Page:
In Pirates of the Caribbean: At World's End, Jack Sparrow (Johnny Depp), voyaging back from the Land of the Dead, or Davy Jones' Gym Sock, or whatever the hell the place is called, studies a puzzle map with interlocking circles, which he spins around until they spell a hidden message: ''Up Is Down.'' From that one coded signal, Jack realizes that he must plunge the ship he's sailing into the sea and come out the other side. That's a nifty trick. And, in general, Up Is Down seems a good motto for a Pirates sequel, which needs every last bit of topsy-turvy spirit.
That spirit is there, early on, in a kiddie head-trip sequence where Jack, still stuck in his undead limbo, hallucinates multiple versions of himself, which he happily kills off. He then thinks that he's seeing or maybe is seeing rocks that turn into crabs, which carry his ship across the desert. (Hey, I don't write this stuff, I just review it.) A bit later, the movie features an elaborately well-staged Mexican standoff, which ends with a monkey holding a gun. And there is also a meeting of the world's pirate lords (they've gathered to fight back against the British), which suggests a Hell's Angels convention with yellower teeth. When Keith Richards, as Jack's matey of a father, finally shows up, for roughly two minutes, brandishing a face that's like melted Silly Putty, he makes Davy Jones, with his squishy tentacled mug, look like a Neutrogena spokesmodel.
Yet along with all of this sprightly nonsense, there is far too much lugubrious nonsense. At World's End is so frantic and dissociated that it barely pretends to make sense. The Pirates films, with their merry storm-tossed slapstick, their retro serial corniness, are a bit like the Indiana Jones films, only broader, sloppier, and longer. They make you feel like you're at a Disney theme restaurant with too many enthusiastic waiters. That quality, fun yet exhausting, is exacerbated by the tendency of third-part sequels to feature more conflicts and problems than the previous two installments combined.
It must be that the director, Gore Verbinski, and the screenwriters, Ted Elliott and Terry Rossio, are overcompensating. Just about every character in At World's End comes with his or her own agenda, and the movie grows top-heavy as we attempt to keep track of who's trying to accomplish what. Will Turner (Orlando Bloom) is out to free his barnacled father (Stellan Skarsgard); Elizabeth Swann (Keira Knightley) wants to avenge the death of her father (Jonathan Pryce); Tia Dalma (Naomie Harris), with her mondo-zombie accent (''Dare's an eevil undah da sea...''), wants to free the ocean goddess inside her; the heartless squid-face Davy Jones (Bill Nighy) wants, for a moment at least, to rediscover his soft side; the happy raider Barbossa (Geoffrey Rush) wants to reassert the freewheeling age of pirates; and good old Jack just wants to booze and sail. After At World's End, you'll know how he feels. The movie is two hours and 47 minutes of debts, curses, shape-shifts, and betrayals, most of which leave us baffled because they don't pay off.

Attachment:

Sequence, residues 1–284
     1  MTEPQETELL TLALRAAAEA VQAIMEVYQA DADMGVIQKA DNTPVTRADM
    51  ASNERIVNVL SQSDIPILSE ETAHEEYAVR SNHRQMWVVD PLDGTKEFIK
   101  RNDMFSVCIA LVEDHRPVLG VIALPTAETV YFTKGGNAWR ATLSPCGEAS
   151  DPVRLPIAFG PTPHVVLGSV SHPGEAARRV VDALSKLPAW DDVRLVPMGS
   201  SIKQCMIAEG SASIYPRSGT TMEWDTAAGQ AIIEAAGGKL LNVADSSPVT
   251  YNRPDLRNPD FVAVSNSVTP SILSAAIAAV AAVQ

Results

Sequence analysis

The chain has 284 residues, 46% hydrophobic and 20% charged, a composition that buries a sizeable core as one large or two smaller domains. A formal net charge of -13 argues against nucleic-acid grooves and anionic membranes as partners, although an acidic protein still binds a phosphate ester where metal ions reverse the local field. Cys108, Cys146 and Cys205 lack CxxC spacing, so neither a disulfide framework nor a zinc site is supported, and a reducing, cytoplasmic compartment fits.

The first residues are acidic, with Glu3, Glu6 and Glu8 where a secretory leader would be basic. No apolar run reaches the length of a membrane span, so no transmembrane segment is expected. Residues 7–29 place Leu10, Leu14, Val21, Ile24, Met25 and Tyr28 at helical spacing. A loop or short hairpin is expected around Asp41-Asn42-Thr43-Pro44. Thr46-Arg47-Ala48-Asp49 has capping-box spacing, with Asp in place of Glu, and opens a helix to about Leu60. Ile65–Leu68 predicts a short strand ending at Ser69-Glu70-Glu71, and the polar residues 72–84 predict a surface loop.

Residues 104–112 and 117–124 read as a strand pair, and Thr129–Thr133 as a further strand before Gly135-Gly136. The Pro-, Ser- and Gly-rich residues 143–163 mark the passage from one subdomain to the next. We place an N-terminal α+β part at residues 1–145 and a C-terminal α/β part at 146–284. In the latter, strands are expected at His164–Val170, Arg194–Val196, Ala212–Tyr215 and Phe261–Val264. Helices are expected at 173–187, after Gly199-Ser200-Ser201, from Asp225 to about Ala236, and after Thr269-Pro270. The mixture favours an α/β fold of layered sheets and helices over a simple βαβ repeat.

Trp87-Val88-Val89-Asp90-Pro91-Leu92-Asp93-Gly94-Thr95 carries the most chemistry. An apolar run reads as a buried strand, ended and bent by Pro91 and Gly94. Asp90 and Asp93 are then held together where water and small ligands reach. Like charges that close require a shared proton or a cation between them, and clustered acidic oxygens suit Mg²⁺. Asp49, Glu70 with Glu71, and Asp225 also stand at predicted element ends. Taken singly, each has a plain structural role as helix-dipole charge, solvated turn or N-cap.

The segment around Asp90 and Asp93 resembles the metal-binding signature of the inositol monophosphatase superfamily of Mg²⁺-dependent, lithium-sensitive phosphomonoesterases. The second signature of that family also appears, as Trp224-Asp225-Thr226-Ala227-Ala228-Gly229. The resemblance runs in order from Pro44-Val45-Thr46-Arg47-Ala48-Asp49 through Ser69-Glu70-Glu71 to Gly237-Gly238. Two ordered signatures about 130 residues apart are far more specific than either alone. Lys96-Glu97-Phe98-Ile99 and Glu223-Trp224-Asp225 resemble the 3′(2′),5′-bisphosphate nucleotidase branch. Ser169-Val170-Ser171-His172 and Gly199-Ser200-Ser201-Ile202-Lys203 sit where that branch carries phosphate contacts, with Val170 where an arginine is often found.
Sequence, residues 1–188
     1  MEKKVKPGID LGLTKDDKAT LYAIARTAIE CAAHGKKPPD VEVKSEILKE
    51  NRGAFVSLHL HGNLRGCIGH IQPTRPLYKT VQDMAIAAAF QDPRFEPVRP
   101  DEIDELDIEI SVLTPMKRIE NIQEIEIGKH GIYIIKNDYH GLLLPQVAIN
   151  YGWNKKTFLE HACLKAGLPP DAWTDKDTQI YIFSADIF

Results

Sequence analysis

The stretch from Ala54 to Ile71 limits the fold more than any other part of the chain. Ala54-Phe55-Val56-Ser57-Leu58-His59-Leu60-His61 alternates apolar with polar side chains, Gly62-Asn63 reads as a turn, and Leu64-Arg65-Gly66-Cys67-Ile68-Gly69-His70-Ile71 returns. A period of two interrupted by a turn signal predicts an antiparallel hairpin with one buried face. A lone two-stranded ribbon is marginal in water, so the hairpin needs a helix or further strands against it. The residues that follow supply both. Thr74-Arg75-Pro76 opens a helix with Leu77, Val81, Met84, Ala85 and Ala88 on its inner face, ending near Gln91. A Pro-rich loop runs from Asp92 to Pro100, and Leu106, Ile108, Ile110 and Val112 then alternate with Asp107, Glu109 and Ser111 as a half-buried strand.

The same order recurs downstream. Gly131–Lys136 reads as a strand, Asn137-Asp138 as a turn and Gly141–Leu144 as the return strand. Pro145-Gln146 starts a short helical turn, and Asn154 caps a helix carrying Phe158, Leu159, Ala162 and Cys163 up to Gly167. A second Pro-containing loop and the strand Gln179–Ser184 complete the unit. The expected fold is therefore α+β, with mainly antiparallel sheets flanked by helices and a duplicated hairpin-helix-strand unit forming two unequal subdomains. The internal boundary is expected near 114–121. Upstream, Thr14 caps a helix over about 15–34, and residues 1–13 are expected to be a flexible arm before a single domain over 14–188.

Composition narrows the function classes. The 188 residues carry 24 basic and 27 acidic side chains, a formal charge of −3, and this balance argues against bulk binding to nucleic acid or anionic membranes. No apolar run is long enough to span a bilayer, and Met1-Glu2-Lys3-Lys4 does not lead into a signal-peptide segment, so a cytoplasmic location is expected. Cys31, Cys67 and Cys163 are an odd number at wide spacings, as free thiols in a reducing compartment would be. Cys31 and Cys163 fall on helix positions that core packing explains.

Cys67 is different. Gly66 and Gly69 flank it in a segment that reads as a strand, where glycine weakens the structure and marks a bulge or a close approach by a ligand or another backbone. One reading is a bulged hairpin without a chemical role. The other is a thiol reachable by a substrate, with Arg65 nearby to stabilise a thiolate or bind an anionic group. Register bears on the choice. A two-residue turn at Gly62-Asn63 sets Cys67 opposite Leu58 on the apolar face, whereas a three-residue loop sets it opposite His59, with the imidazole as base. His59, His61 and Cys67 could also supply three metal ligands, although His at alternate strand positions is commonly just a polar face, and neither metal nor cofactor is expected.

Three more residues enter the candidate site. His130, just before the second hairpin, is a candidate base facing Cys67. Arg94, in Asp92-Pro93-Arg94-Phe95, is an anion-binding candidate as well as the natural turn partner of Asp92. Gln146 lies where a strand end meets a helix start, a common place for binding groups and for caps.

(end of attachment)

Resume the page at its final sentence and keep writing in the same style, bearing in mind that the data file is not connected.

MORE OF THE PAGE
The worst news, to me (and maybe I'm in the minority), is that the film returns to the heavy-spirited whimsy of The Curse of the Black Pearl. The follow-up, Dead Man's Chest, was an anomaly of a sequel, in that the entire film took its tone from Johnny Depp's arch, sozzled deviltry. It was a true tall tale, with cheeky duels out of a '30s Paramount comedy, that terrific sea monster, and that demented chase on the giant wheel (which was like Buster Keaton restaged by Spielberg). It had a tossed-in-the-air fruitcake quality that worked for audiences like an escape from the escapism of summer movies. At World's End lacks that fizzy charm. It's dutiful rather than buoyant.
Depp still clowns like a pickled vamp, using his here-slurry, there-speeded-up delivery to suggest that Jack is a lot smarter than he lets on (or even realizes himself). Yet he holds no more surprise for us. If there's an actor who provides At World's End with a shot of humanity, it's Bill Nighy. He uses his fiery theatrical rhythms to give Davy Jones a wonderful seething fervor, and I wish the film had played up his poison-love backstory. Instead, we're stuck with a late-in-the-game revival of the Orlando Bloom-Keira Knightley ''chemistry,'' and it's an embarrassment, an admission that this old-fashioned yarn needs romance yet, in effect, has none. Knightley's Elizabeth becomes a pirate captain this time. You know a franchise has run its course when it has a buccaneer heroine who looks as if she'd hate to get her face smudged. C